Communication has changed dramatically over the course of the past two decades. Postal mail has largely been replaced by email, and our phones, once plugged into the wall and stationary, now fit in our pockets and come with us wherever we go. Perhaps most notable is the explosive popularity of social media. By 2017, it is estimated that more than one-third of all people on the planet will use social media. While the way people interact has changed dramatically, few business leaders have altered the way they communicate with their employees and partners, industry colleagues, and their customer base.
There are several reasons why so many business leaders have not made it a priority to build a presence on social media. These individuals are understandably busy with their core responsibilities, and may not have the time to keep up with something they see as a side task. Often, many such tasks are delegated to executive assistants. Furthermore, technological innovations have occurred at a shockingly fast rate. However, moving forward, business leaders will need to adapt their communication styles to the 21st century to stay connected to their customers, employees, and the industries they work in.
Visibility and Authenticity through Social Media
Social media has already radically changed the ways in which people relate to each other. These evolutions are also fundamentally changing the role of the leader. Formerly, leaders were charged with overseeing the operations and overall strategy of their organizations. Now, in addition, they are expected to be visual and verbal representations of their organizations as well. Figures like Bill Gates, Steve Jobs, and Mark Zuckerberg became manifestations of their companies. While very few company leaders achieve this level of visibility, a similar charge is now falling on all company leaders, especially in times of crisis when the organization needs to answer quickly to the public or the business community.
In the past, business leaders needed to undergo media training. Today, they need to undergo social media training as well. Social media has become the public stage through which leaders make themselves visible. Notably, communicating via social media differs from the process of communicating via traditional media avenues, like interviews, press conferences, or newsletters. With social media, people build their own networks, and individuals follow others with the expectation that communications are more authentic, rather than completely filtered through a corporate communications or PR team. Social network profiles are more personal and individuals expect an authentic voice on these outlets.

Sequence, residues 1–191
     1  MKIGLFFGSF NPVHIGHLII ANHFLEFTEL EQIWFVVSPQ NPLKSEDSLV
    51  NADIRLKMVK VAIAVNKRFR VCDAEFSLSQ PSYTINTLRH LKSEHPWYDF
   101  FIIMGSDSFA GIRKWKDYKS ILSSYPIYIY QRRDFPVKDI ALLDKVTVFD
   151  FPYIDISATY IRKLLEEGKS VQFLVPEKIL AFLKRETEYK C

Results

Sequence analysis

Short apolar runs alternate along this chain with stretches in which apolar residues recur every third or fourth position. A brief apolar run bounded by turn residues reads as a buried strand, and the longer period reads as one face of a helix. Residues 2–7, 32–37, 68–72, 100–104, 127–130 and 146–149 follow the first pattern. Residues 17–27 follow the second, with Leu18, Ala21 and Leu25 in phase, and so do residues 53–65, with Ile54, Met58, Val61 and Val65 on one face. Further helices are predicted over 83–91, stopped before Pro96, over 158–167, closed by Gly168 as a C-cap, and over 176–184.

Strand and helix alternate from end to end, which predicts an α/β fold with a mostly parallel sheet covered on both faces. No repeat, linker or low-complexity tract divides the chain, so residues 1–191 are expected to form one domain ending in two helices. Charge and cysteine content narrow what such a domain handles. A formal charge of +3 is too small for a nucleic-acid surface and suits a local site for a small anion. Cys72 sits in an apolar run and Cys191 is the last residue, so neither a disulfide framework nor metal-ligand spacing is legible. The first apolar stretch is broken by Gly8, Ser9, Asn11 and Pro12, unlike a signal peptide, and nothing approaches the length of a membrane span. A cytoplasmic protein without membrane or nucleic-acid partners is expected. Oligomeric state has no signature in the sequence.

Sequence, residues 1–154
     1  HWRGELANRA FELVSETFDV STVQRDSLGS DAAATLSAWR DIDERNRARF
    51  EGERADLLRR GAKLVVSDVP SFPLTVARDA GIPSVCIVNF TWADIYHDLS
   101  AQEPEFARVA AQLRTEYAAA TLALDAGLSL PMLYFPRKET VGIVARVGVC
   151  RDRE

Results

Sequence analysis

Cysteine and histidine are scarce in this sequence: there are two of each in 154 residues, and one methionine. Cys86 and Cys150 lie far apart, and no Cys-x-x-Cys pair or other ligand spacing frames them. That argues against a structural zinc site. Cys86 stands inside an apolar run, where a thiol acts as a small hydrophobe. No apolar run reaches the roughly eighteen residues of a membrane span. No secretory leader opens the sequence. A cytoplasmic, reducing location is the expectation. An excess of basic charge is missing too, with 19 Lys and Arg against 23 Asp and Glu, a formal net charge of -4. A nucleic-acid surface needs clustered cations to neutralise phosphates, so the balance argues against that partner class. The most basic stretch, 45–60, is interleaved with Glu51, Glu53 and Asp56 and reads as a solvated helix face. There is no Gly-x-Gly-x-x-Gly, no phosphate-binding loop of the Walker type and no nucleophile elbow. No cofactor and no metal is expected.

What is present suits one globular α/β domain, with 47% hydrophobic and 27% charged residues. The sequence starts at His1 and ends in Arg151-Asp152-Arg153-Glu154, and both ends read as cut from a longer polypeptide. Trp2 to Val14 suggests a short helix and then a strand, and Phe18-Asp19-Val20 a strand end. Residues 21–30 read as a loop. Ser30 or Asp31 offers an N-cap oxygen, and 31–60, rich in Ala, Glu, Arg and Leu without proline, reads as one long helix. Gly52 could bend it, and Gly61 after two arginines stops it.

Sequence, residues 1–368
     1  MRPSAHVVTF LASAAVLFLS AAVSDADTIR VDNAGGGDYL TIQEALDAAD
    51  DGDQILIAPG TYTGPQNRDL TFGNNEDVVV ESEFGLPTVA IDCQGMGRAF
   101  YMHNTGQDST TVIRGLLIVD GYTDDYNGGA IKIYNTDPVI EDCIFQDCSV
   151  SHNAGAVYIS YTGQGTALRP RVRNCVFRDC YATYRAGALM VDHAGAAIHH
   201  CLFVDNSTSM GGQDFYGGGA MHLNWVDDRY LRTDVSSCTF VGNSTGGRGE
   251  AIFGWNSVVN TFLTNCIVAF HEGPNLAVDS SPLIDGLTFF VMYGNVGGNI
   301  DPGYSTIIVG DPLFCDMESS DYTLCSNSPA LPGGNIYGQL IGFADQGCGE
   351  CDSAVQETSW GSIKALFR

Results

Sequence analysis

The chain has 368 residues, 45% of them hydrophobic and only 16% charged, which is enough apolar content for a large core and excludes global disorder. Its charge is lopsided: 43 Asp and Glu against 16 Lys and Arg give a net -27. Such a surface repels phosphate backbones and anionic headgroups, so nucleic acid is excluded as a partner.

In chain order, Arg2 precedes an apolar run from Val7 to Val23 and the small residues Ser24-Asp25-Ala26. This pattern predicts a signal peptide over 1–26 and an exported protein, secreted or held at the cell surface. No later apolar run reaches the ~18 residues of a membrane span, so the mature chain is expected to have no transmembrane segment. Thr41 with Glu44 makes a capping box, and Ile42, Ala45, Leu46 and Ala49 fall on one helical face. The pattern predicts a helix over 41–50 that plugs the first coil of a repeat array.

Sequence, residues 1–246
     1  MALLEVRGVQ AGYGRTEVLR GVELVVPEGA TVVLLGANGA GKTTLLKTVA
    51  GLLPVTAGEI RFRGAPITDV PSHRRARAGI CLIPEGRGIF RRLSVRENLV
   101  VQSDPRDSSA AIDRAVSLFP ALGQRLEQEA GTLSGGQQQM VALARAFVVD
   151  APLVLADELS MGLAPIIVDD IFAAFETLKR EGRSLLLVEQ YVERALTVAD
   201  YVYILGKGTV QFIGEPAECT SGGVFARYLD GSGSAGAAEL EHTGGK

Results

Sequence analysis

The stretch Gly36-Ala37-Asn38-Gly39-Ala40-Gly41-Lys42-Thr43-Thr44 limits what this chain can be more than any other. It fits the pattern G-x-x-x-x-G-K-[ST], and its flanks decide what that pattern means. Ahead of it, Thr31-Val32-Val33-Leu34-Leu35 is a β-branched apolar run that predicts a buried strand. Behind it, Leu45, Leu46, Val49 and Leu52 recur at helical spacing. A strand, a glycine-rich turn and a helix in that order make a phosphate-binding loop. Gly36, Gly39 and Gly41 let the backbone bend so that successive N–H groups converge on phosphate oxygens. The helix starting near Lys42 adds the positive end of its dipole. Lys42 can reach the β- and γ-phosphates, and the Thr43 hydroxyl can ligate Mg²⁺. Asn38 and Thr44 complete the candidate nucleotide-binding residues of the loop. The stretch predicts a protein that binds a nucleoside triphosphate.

Social networks are not simply tools for marketing—instead, they facilitate communication. In this sense, it’s inappropriate for business leaders to treat them merely as sales channels. Rather, executives should think of social media more as a way to share information and engage in meaningful conversation with customers, the general public, and other industry leaders.
At the same time, a business leader’s social media account still represents his or her company and its brand. For this reason, business leaders need to learn a new style of communication that balances the call for personal authenticity with the reality of corporate responsibility.
Developing a Personal Leadership Brand
Another way to think of the balance between personal and professional is through the concept of branding. On social media, business leaders need to reflect the brand of their organizations while also developing their own personal brand. While some leaders certainly see themselves as a brand, many do not—however, all leaders are developing a personal brand, whether they do so consciously or not. A brand reflects the values that a leader embodies and speaks to what he or she considers most important. When people evaluate a leader, it is often that person’s brand that they consider.
Business leaders need to distinguish their personal brand from the corporate brands they represent. The personal brand lets other leaders and organizations know what the leader values, both personally and professionally. When it’s time to move to a new company, the brand that a leader has developed can be a major factor in the types of offers that he or she receives.
Social Networks and Professional Networking
Personal branding was something difficult to accomplish before social media, but now anyone can establish a personal website and blog rather easily. From a professional perspective, it is important for business leaders to do this and to create meaningful, engaging content. This content can be shared through platforms like Facebook, Twitter, or LinkedIn. As business leaders create and disseminate meaningful content, and share content written and published by other business leaders, they can quickly build a strong professional network.
When social networks are viewed as a source of professional networking, business leaders gain access to the people they need to solve problems. A larger professional network means that business leaders have more access to highly qualified, talented contacts that they can call upon for assistance, or when building a new team. To the modern business leader, developing this kind of network through social media is critical to the success of his or her company.